Minister worried by numbers on disability
INTERVIEW:Burton against any proposals for taxation of child benefit
Minister for Social Protection Joan Burton has raised concerns about the high numbers of Irish people on disability and other benefits compared to in other countries.
In an interview with The Irish Times she said research produced by her department, showed 16 per cent of working-age adults were getting some form of disability, illness or sickness payment. She said this was very high compared to other countries in the OECD.
Signalling this would be addressed, she pointed to the Netherlands, which she said was once the “sick man of Europe”. She said her department was focusing on getting as many people as possible in this category back to work.
She has also indicated a preference for retaining universal payment of child benefit rather than taxing it.
Further reductions in child benefit are likely in next year’s budget following the cuts announced earlier this month, which caused difficulties for many of Ms Burton’s colleagues in the Labour Party and led to party chairman Colm Keaveny voting against the Government.
However, the approach for next year will be guided by a report by the Tax and Social Welfare Advisory Group chaired by Ita Mangan, which will be published in the new year.
The group’s two main recommendations are understood to be: a significant lowering of the universal payment to €100 with ongoing compensatory payments available for low-income families; or alternatively for child benefit to be taxed at the level which people pay on their income tax, which is 41 per cent for higher earners.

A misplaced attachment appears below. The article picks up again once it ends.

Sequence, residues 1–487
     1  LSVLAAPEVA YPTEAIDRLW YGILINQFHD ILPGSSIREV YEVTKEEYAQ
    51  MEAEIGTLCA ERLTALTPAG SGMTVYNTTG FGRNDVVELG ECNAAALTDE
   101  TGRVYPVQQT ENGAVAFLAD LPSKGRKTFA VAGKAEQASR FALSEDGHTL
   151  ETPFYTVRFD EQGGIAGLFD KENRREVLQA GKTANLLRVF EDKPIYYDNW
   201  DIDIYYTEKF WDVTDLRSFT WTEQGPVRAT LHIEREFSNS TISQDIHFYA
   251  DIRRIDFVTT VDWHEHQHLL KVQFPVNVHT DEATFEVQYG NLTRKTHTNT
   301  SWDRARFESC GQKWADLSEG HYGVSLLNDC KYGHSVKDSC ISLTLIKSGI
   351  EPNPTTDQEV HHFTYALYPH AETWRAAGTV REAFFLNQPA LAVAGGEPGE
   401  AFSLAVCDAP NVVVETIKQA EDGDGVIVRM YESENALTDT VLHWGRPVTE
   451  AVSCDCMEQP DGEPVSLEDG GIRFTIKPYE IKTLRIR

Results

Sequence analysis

Ms Burton said that grappling with the issue of child benefit would involve some very difficult decisions.
Outlining her own views she said she agreed with universal payments in principle and pointed out that taxing child benefit would result in cuts to payments way in excess of those already made. Benefit was cut by €10 per month for the first two children, and €18 a month for the third child in the budget, yielding a saving of €140 million.
Excercising either choice of reducing the benefit to €100 or taxing at full rates would be extraordinarily risky and controversial politically, even though the savings to the exchequer would be enormous: close to €500 million per annum.
Ms Burton pointed to recent changes announced by British chancellor of the exchequer George Osborne where families earning over £60,000 (€73,500) can opt to relinquish child benefit or pay full marginal tax on it if they choose to retain it.
“That debate and those policy changes have made people in Ireland appreciate it’s a complex debate where there are difficult decisions and hard choices to be made.”
She said the Mangan report would be published at the end of January and that all parties should study it and then state where they stand on child benefit. Accusing Opposition parties of kicking to touch and speaking in generalities, she said: “If we are really going to have a debate, we need people to come off the fence, look at facts and figures in the Mangan report and look where balance lies.”
Ms Burton said a flat taxation at marginal rates would be far in excess of any reduction made to date, suggesting if it is taxed it will be at lower rates than income tax.